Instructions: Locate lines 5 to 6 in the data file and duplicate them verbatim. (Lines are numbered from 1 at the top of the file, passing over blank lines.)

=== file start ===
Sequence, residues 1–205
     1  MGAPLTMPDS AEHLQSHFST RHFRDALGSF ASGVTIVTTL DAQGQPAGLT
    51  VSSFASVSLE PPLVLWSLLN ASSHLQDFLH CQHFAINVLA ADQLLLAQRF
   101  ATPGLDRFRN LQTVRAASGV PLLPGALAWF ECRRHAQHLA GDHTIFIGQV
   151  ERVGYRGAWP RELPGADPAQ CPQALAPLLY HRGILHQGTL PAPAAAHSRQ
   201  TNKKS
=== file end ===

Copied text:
   151  ERVGYRGAWP RELPGADPAQ CPQALAPLLY HRGILHQGTL PAPAAAHSRQ
   201  TNKKS